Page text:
All these products that are currently in clinical trials may significantly change the way dermatologists treat rosacea in coming years—and could potentially reduce adverse effects associated with the treatment. 

 

Dr Bhatia is director of clinical dermatology at Therapeutics Clinical Research in San Diego,CA, is board certified, has a background in immunology, and has interests in mechanisms of therapy, skin cancer, and medical dermatology.

Disclosure: Dr Bhatia is an advisor and investigator for Bayer, BioPharmX, Foamix, and Galderma.

References

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2. Mikkelsen CS, Bjerring P, Lirvall M, et al. Rosacea: Time for a new approach. Forum Nord Derm Ven. 2017;22(1):3-12.

3. Drake L. New survey shows rosacea tends to evolve beyone one subtype. Rosacea Review. Fall 2004. https://www.rosacea.org/rr/2004/fall/article_4.php. Accessed July 24, 2018.

4. Schwab VD, Sulk M, Seeliger S, et al. Neurovascular and neuroimmune aspects in the pathophysiology of rosacea. J Invest Dermatol Symp Proc. 2011;15(1):53-62.

5. Seeliger S, Buddenkotte J, Schmidt-Choudhury A, et al. Pituitary adenylate cyclase activating polypeptide: an important vascular regulator in human skin in vivo. Am J Pathol. 2010;177(5):2563-2575.

6. Sulk M, Seeliger S, Aubert J, et al. Distribution and expression of non-neuronal transient receptor potential (TRPV) ion channels in rosacea. J Invest Dermatol. 2012;132(4):1253-1262.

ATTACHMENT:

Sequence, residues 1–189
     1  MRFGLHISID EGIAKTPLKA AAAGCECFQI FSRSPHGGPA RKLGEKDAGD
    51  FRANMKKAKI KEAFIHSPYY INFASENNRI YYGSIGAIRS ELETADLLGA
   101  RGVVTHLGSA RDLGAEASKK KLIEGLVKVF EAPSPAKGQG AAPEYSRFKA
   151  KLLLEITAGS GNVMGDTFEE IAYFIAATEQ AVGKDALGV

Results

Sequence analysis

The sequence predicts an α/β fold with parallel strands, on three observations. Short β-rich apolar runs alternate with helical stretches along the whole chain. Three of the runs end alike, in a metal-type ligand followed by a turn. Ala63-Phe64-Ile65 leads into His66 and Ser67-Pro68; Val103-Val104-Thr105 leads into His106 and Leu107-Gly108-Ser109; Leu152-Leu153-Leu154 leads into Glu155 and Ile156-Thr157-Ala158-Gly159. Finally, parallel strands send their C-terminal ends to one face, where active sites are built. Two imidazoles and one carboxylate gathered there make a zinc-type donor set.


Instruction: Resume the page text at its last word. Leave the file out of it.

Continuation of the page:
7. Wladis EJ, Iglesias BV, Adam AP, et al. Molecular biologic assessment of cutaneous specimens of ocular rosacea. Ophthal Plast Reconstr Surg. 2012;28(4):246-250.

8. Tan J, Blume-Peytavi U, Ortonne JP, et. al. An observational cross-sectional study of rosacea: clinical associations and progression between subtypes. Br J Dermatol. 2013;169(3):555-62.

9. Holmes AD, Steinhoff M. Integrative concepts of rosacea pathophysiology, clinical presentation and new therapeutics. Exp Dermatol. 2017;26(8):659-667.

10. Gallo RL, Granstein RD, Kang S, et. al. Standard classification and pathophysiology of rosacea: The 2017 update by the National Rosacea Society Expert Committee. J Am Acad Dermatol. 2017;78(1):148-155.

11. Gallo RL, Granstein RD, Kang S, et al. Rosacea comorbidities and future research: The 2017 update by the National Rosacea Society Expert Committee. J Am Acad Dermatol. 2018;78(1):167-170.

12. Steinhoff M, Buddenkotte J, Aubert J, et al. Clinical, cellular, and molecular aspects in the pathophysiology of rosacea. J Invest Dermatol Symp Proc. 2011;15(1):2-11.

13. Trivedi NR, Gilliland KL, Zhao W, Liu W, Thiboutot DM. Gene array expression profiling in acne lesions reveals marked upregulation of genes involved in inflammation and matrix remodeling. J Invest Dermatol. 2006;126(5):1071-1079.

14. Buhl T, Sulk M, Nowak P, et al. Molecular and morphological characterization of inflammatory infiltrate in rosacea reveals activation of Th1/Th17 pathways. J Invest Dermatol. 2015;135(9):2198-2208.

15. Aubdool AA, Brain SD. Neurovascular aspects of skin neurogenic inflammation. J Invest Dermatol Symp Proc. 2011;15(1):33-39.

16. Lonne-Rahm SB, Fischer T, Berg M. Stinging and rosacea. Acta Derm Venereol. 1999;79(6):460-461.

17. Steinhoff M, von Mentzer B, Geppetti P, Pothoulakis C, Bunnett NW. Tachykinins and their receptors: contributions to physiological control and the mechanisms of disease. Physiol Rev. 2014;94(1):265-301.

18. Tan J, Blume-Peytavi U, Ortonne JP, et. al. An observational cross-sectional study of rosacea: clinical associations and progression between subtypes. Br J Dermatol. 2013;169(3):555-562.